Question: Who’s really responsible when things go wrong on a project that involves contractors and sub-contractors? Is it the prime contractor, or the sub?
Answer: That’s for the judge to decide.
Save→ Close→ Exit→ Attach→ Send→ Crack open a cold one. My job here is done.
The truth is that I’m only half-joking. Because so much of the outcome depends on how the contract is written. If you have serious questions around this, you should talk to a lawyer. I’m not one, so I don’t dispense legal advice. I don’t even own a pair of tasseled loafers. But a few things that fall under the general category of conventional wisdom have surfaced over the years.
For example, who exactly is the sub-contractor subbing to? Are they a subcontractor of the prime contractor, or are they working for you, and not the contractor? This means they’re not really subcontracting at all, even though it might appear that way from a practical perspective.
This type of detail is generally found in the fine print; a location in the contract where the truly significant stuff is buried among larger quantities of the mind-numbingly mundane. The content virtually screams, “Nothing to see here, folks!”, but those who merely gloss over it, or perhaps ignore it altogether, do so at their own peril. Just like in war movies, landmines are never clearly marked.
So the time that you spend poring over all that boring text is time well invested in your own self-protection. Under many circumstances, it might be worth your while to get an attorney to read it. This is especially true if the terms contain clauses that seem to be unclear. Or if the contract is governed by the laws of a state other than the one in which you are located. Personally, I always prefer simplicity in contracts, and anything that seems out of place or difficult to put into context is a warning sign.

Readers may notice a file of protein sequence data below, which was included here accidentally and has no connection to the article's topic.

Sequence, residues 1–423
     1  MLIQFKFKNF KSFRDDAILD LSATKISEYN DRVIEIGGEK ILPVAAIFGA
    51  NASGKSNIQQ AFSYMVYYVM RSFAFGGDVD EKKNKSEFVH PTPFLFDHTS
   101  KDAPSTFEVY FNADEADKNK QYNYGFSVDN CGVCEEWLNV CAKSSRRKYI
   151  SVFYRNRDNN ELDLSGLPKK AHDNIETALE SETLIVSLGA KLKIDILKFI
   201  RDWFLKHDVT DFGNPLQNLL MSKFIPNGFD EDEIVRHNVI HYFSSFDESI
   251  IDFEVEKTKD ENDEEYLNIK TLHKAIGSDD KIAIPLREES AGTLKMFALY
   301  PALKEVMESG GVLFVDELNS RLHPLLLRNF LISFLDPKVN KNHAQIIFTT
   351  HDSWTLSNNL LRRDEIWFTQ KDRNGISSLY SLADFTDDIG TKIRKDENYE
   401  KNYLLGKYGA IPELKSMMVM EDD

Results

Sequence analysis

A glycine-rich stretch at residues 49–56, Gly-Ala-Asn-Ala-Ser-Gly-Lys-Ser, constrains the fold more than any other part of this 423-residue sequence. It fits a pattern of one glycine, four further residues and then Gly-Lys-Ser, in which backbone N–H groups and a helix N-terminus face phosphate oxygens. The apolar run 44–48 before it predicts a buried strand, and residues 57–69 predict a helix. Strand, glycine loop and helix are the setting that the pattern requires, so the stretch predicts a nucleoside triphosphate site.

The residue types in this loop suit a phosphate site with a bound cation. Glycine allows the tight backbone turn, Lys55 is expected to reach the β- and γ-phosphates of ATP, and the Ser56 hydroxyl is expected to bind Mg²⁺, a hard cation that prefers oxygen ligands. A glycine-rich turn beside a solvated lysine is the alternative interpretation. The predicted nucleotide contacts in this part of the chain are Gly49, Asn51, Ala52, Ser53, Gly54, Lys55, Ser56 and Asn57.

Certainly, you can ask questions about the intentions around any clause in a contract. And you can specifically inquire about the liability of the prime contractor versus the sub-contractor. But at the end of the day, the legal definition of whatever is in the document will supersede anything that was spoken into thin air. So you have every right to be careful and cautious.
Given that many of these issues might be covered in general business law, the necessary legal help might not be all that expensive. And it might not delay the sales cycle all that much.
Alternatively, you might ask to replace their document with one that is more to your liking. Many times this will not fly. But sometimes it just might. At the very least, you might be able to persuade the contractor to strike clauses from their own contract that raise your concern. The degree to which they need your business can be the deciding factor. So the close of the month, and the close of the quarter can sometimes work in your favor.
At the end of the day, due diligence is the key. Taking short cuts around the small print, and avoiding certain aspects of the discussion make the signer of the contract a lot more vulnerable than the writer of the contract. So executing on that due diligence is most certainly a wise investment of your time.